I wanted to be playing golf on my day off.
Instead, I spent a chunk of that sun-warmed day wrestling with a too-long-neglected patch of lily of the valley.
Those sweet little flowers were on an invasion course to rival Attila the Hun’s. They were overtaking my astilbe and had their sights trained on a prized mum.
Even though I knew full well this innocent-looking plant could be a thug, I’d ignored its march across my flower bed until I could ignore it no more.
As I dug and pulled and hacked, I realized my lily of the valley was trying to teach me something. A little timely thinning every spring would have saved this assault on my back muscles. That’s what happens when you procrastinate. Little issues turn into big problems.
It seems my garden is always offering me life lessons. To wit:
Be fearless. The first time I divided a plant, it seemed like slaughter. Dig it up? Hack off chunks? This can’t be good for it, I thought.
But it was.
I’ve discovered that dividing plants and moving those that struggle make for a healthier garden. Oh, sure, I’ve made mistakes, like killing plants by trying to transplant them in midsummer. But even then, I learned something.
Give the benefit of the doubt. I’m usually impatient with sprouts I don’t recognize. But I remember well the volunteer that appeared some years ago, just off my front porch. It wasn’t anything I’d planted, but it didn’t look weedy. I decided to give it a chance.
When the plant finally bloomed, I recognized it as a delphinium. It was a vivid blue, one of the prettiest flowers I’ve ever seen. Some bird had probably deposited the seed there, and its blossoming was a gift I would have missed had I not given that plant a chance.
Never stop learning. Just when I think I’ve mastered the maintenance of my plants, some new problem or pest comes along to mess with me. Scale insects threaten my euonymus. Deer eat my arborvitae. A sudden cold snap kills my boxwoods.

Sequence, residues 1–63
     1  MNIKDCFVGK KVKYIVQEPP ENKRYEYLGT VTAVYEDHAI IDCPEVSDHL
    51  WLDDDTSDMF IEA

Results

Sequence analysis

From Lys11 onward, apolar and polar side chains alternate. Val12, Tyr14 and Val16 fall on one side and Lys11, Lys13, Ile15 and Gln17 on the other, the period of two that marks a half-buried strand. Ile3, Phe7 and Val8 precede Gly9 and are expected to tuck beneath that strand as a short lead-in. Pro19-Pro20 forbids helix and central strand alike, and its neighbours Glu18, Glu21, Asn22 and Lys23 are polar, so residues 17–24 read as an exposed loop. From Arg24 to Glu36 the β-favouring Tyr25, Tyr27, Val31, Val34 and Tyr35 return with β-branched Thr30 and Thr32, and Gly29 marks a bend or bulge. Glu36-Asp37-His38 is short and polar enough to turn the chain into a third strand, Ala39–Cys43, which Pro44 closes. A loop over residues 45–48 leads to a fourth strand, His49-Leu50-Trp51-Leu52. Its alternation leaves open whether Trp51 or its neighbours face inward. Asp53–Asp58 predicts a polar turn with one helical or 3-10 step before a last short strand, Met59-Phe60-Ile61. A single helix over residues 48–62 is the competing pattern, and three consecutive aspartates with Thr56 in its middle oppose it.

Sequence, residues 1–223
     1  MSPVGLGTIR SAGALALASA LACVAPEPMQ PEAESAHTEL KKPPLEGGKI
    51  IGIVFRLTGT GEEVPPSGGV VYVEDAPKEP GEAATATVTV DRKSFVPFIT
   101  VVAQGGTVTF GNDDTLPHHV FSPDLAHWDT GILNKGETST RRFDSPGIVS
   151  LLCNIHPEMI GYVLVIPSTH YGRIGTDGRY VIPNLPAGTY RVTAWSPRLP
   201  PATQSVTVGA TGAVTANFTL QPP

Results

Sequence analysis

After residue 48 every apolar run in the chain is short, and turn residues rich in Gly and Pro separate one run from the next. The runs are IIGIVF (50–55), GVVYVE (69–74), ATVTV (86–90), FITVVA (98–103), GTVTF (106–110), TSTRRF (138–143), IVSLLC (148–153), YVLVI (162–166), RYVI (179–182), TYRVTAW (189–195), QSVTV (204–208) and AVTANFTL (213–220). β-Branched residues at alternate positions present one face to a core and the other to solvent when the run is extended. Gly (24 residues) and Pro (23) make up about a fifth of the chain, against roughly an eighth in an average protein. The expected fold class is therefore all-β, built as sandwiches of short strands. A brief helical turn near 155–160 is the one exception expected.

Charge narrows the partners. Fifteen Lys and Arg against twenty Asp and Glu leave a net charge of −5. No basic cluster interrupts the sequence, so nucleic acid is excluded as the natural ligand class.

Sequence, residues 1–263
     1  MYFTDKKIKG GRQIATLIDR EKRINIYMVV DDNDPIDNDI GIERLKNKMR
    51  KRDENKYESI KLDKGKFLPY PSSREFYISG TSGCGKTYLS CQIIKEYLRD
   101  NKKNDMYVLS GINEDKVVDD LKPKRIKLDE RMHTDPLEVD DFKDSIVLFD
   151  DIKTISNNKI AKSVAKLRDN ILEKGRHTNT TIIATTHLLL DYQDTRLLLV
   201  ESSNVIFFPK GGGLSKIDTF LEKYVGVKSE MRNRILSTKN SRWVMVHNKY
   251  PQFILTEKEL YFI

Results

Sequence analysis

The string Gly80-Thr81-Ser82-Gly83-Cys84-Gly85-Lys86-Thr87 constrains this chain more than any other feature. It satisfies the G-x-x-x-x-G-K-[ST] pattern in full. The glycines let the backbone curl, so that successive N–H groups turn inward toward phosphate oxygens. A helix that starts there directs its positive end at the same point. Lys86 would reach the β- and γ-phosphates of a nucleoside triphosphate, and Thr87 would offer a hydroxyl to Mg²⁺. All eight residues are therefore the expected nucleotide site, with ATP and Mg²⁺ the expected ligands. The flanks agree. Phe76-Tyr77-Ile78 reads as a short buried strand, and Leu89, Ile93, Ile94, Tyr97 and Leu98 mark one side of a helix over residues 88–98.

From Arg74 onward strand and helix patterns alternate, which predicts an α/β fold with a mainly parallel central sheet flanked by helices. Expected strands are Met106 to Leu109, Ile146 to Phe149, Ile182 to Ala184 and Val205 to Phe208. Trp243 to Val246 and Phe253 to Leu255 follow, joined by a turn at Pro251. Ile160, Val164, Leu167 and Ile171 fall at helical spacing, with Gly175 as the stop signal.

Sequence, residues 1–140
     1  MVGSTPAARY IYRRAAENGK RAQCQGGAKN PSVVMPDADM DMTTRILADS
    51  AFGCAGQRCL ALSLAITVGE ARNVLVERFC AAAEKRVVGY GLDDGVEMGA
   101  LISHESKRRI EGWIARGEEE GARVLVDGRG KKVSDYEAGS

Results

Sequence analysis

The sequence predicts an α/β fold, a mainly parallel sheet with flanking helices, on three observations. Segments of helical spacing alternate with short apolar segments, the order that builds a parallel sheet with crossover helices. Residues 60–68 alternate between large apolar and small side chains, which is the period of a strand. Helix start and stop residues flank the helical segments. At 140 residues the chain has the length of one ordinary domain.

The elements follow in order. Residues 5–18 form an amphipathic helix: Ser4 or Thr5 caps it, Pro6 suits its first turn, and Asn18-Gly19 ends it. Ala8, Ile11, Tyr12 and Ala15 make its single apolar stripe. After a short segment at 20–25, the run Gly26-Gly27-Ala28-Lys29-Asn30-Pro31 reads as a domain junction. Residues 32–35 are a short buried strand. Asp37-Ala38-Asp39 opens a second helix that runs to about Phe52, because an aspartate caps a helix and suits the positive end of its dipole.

Sometimes I’m tempted to just throw up my hands in defeat, but eventually I go looking for explanations and solutions. And invariably, that research fascinates me. Maybe knowing about the life cycle of scale and the botany of boxwoods is marginally useful in the greater scheme of things, but that’s OK. Every tidbit of knowledge I gain makes me a better gardener.
Perfection doesn’t exist, and that’s OK. Nature has a way of humbling even the biggest perfectionists. Like me, for example.
I’ve waged an ongoing battle with the deer in my yard for more than a decade, and usually I lose. But the year I was planning a backyard graduation party for my son, I decided I was going to get the upper hand.
So throughout the spring and early summer, I faithfully sprayed the hostas along the back of the yard with repellent to keep the deer from chewing them to stubs. It was dry that year, so there was rarely any rain to wash the spray off. I eased up on the frequency.
The Monday before the party, I looked out at those lush hostas. I should give them one more spray, I thought, but I didn’t get around to it.
That night, it stormed. The next day, my hostas were in tatters.
And you know what? It didn’t matter. The party was a success. No one noticed the hostas, or at least no one said anything. Plus it made a really good story.
In all things, there is value. Growing up, I was socialized to hate pretty much any creepy-crawly, buzzing or slithering thing. Spiders, I thought, were for squashing. Bees were vicious. And earthworms? Ick.
That was before I realized spiders devour impressive amounts of bugs and keep pests in check, bees spread pollen that lets yummy foods grow, and earthworms open up my clay soil so my plants can thrive.
Even things in nature that seem to have no redeeming quality have a place. The oddball fungi that sprout in my yard, for example, are helping dead tree roots break down. The mosquitoes provide food for fish and birds.
Nature gave all things a purpose. Who am I to second-guess that?
Mary Beth Breckenridge can be reached at 330-996-3756 or firstname.lastname@example.org. You can also become a fan on Facebook at www.facebook.com/MBBreckABJ, follow her on Twitter @MBBreckABJ and read her blog at www.ohio.com/blogs/mary-beth.